I’m truly rooting for the bill on separating the church from the state, which was announced by Polish Initiative headed by Barbara Nowacka on Epiphany. Of course, let’s not kid ourselves that such an initiative has any chance of succeeding in the current Polish Parliament.
We are on the brink of a very busy political season in Poland. The year 2018 might have been a prelude to the election year, but the times of decision making are still ahead. The decisions that will have an impact on not merely one electoral term but the consequences of which will last a decade to come.
Ever since Law and Justice (PiS) came to power, the voices of those who think that the liberal formula has been exhausted or at least needs a solid modification have manifested with particular intensity. Liberalism of today does not need a social update, but a return to the roots.
The future political party of the president of Słupsk will be the next party in a galaxy of political “projects” based on one single pillar – the popularity of one man. In Polish politics, this has happened many times in the last decade and the results were almost always the same.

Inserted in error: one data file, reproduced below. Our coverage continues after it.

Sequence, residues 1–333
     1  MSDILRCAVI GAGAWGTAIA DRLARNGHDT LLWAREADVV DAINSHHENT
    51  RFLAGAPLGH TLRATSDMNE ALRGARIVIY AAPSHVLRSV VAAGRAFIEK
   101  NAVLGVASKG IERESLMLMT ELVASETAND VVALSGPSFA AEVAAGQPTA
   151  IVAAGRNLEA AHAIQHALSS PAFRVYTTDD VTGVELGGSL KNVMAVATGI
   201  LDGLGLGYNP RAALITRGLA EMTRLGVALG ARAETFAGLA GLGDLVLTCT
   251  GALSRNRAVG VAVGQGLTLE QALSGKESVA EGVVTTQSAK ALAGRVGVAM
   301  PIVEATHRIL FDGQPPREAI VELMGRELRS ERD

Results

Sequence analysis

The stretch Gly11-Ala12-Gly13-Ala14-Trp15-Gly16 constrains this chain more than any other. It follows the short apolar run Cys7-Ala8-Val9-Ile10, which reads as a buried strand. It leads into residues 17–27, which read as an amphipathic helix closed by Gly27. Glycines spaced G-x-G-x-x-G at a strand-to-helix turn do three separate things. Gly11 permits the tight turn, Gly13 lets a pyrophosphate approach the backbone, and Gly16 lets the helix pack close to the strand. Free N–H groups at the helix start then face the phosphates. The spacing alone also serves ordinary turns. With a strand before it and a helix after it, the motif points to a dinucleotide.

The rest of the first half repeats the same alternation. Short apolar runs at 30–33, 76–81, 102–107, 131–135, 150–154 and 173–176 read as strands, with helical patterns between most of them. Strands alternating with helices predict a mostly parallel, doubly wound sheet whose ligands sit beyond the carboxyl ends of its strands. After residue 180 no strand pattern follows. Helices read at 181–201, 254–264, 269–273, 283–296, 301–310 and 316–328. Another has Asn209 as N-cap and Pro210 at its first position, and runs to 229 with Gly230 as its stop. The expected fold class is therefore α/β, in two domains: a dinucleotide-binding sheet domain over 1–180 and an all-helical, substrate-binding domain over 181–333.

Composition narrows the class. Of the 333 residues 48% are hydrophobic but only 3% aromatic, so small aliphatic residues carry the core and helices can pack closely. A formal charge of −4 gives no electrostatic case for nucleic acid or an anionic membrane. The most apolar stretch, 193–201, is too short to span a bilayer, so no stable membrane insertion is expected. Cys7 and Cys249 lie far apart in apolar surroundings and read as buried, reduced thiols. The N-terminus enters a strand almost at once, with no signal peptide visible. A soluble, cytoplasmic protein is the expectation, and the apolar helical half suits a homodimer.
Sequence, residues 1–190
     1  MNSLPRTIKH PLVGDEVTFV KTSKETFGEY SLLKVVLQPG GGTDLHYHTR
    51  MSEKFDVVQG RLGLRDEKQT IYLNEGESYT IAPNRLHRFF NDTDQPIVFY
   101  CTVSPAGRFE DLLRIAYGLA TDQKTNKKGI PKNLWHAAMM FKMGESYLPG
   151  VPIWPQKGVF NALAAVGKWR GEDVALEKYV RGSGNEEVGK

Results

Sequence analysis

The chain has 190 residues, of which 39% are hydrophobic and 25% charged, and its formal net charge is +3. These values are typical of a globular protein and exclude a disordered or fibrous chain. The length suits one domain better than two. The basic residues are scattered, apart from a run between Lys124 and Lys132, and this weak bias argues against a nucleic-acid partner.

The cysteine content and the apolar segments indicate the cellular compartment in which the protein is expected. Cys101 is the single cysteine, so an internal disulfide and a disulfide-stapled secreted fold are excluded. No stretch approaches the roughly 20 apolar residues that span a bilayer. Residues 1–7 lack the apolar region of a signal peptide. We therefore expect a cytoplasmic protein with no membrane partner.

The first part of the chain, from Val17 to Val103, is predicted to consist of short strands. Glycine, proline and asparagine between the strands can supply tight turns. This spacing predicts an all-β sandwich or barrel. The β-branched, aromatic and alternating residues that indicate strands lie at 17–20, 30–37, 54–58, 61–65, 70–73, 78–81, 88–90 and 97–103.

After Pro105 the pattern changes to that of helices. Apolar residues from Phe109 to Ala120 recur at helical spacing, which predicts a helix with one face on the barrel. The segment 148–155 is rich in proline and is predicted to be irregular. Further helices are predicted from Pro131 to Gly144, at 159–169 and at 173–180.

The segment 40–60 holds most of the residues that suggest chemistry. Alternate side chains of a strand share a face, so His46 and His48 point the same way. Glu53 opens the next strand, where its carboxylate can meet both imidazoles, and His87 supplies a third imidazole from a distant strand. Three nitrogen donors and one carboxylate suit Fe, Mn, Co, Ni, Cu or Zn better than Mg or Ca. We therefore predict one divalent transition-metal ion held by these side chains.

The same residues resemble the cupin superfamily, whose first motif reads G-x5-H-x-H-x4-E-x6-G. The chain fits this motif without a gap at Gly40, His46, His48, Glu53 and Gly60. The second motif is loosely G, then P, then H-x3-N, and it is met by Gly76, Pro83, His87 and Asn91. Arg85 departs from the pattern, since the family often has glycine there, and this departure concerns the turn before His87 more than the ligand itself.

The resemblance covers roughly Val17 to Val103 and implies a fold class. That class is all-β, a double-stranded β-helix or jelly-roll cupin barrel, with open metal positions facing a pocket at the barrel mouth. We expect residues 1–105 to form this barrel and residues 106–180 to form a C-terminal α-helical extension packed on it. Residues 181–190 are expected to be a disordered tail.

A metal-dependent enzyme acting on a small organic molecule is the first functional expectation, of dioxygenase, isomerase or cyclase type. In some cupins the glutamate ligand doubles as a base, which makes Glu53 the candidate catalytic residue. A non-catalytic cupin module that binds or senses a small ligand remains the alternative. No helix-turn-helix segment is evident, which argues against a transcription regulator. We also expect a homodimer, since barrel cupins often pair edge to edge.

On November 28, 1918, Józef Piłsudski signed an electoral law allowing Polish women to vote. This was one of the fundamental changes of Polish law that has contributed to regaining the independnce after hundreds of years without it.
Mazowiecki proved that the strategy of dialogue is really the one that enables achieving big goals. The recent decision of the two main opposition parties in Poland – Nowoczesna and Civic Platform – to emabrk on a closer cooperation in the forthcoming 2018 municipal elections is a step in this direction.
When, back in April 2015, I had the honour and pleasure of setting up NowoczesnaPL with Ryszard Petru and 19 other eminent individuals, we didn’t expect that Law and Justice (PiS) would be able to ruin Poland to the extent that it has. For ruining the country is exactly what it is doing.
Katarzyna Lubnauer’s declarations (made right after winning in the vote for the leader of the Nowoczesna party) in favor of integral liberalism – both ideological and economic – are a beacon of hope that the new leadership may bring a change in quality of the party.
Last Saturday, the Nowoczesna party has elected a new leader: Katarzyna Lubnauer replaced Ryszard Petru at the helm of the Polish opposition party, the most liberal one in the country there is. It was high time Nowoczesna stopped being associated chiefly with Petru.